The ghostly blue flame stunned researchers when it first showed up unexpectedly in a laboratory experiment. Now scientists have determined the structure of this “blue whirl.”
Four separate types of flames make up the blue whirl, researchers report August 12 in Science Advances. “It’s amazingly complex,” says engineer Elaine Oran of Texas A&M University in College Station.
Reported in 2016, the blue whirl appeared when scientists ignited liquid fuel floating on water, within an enclosure designed so that air sweeping in created a vortex (SN: 8/18/16). A tornado of fire blazed before settling into a spinning blue flame several centimeters tall. The hue indicates that it burns without soot, suggesting that such flames could be useful in cleaning up oil spills or for more environmentally friendly power generation.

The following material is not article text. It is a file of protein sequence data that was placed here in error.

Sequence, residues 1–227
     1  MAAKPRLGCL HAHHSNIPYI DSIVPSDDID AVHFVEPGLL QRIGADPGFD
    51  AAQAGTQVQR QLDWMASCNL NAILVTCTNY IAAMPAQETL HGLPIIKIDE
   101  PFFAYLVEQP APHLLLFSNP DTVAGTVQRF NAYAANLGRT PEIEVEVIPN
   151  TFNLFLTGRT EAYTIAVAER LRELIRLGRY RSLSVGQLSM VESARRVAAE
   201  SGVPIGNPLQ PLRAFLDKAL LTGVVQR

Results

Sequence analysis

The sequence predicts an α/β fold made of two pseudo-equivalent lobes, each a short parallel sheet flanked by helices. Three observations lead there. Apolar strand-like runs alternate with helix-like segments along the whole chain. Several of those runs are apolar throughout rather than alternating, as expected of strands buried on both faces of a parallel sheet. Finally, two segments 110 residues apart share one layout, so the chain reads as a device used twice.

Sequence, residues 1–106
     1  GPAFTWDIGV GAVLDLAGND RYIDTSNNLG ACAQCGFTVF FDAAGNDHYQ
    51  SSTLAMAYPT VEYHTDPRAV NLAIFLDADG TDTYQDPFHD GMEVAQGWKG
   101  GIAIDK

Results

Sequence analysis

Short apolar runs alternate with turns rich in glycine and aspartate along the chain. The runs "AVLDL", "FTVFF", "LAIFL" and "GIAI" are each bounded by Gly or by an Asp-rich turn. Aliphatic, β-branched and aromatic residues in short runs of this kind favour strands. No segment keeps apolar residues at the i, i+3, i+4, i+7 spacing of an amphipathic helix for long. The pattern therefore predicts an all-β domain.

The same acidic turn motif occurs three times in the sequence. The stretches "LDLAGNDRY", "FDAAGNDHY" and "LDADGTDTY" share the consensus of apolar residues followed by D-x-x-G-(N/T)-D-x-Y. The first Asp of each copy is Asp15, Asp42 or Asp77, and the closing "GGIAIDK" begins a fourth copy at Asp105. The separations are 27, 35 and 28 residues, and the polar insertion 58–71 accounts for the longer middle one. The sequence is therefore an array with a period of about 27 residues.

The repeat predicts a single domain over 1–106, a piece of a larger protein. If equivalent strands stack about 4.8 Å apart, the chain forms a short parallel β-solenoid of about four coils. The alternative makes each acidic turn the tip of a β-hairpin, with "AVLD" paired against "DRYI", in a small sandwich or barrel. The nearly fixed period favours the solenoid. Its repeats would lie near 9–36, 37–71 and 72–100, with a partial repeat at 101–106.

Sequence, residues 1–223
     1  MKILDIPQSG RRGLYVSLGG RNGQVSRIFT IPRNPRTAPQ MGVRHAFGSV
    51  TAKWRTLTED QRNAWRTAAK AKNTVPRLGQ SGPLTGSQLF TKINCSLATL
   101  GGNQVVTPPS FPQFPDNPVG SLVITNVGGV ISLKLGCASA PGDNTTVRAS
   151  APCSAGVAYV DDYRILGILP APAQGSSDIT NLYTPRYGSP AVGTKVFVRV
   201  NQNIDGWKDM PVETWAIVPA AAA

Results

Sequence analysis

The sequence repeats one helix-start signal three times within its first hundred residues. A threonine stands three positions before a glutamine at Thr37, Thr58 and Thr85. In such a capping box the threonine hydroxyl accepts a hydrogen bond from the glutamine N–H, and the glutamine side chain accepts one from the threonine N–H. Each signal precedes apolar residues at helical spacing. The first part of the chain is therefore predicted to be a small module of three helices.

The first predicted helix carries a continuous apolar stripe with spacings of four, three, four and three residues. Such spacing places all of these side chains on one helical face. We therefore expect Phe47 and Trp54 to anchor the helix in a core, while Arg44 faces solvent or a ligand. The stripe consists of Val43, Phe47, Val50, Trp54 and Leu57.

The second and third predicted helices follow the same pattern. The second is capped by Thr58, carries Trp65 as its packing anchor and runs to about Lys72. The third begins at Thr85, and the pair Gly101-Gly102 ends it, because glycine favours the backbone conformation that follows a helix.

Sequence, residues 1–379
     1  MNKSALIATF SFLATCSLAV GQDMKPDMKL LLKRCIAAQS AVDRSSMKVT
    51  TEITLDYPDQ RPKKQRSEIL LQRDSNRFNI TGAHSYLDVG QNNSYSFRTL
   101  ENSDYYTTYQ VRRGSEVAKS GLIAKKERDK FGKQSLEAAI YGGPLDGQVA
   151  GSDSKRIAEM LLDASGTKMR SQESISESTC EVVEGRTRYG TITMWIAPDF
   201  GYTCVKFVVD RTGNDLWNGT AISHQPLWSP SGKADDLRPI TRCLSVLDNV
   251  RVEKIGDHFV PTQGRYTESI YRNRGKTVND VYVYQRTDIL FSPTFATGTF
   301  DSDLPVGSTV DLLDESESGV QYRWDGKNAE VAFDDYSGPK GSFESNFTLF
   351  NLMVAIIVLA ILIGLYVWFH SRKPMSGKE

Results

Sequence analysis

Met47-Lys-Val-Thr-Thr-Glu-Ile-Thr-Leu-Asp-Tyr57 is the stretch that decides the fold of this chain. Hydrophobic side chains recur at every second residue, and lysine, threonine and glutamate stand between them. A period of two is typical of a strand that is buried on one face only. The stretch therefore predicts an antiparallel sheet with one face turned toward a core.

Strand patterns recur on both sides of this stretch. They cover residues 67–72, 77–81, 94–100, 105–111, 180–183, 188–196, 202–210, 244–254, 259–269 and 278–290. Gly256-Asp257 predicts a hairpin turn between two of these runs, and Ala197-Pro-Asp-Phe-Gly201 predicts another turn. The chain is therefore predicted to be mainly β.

Most flames fall into two general classes: premixed and diffusion. In diffusion flames, the fuel and the oxidizer — typically, oxygen — are initially separate, limiting how fast the fire can burn. In premixed flames, the two swirl together. Premixed flames come in three different varieties. They can have either an excess or dearth of fuel relative to oxidizer, called rich or lean premixed flames. Stoichiometric flames are the Goldilocks variety, with just the right amount of fuel for complete combustion.
Comparing computer simulations to experimental observations allowed Oran and colleagues to pin down the blue whirl’s structure. Its conical base is a rich premixed flame, topped by a diffusion flame. On the sides, a lean premixed flame appears as a faint wisp. Where those three flames meet, a stoichiometric flame forms, making a bright blue ring.
Knowing the flame’s structure might let researchers figure out how to scale the blue whirl up to a larger size or create it without passing through the dangerous firenado stage.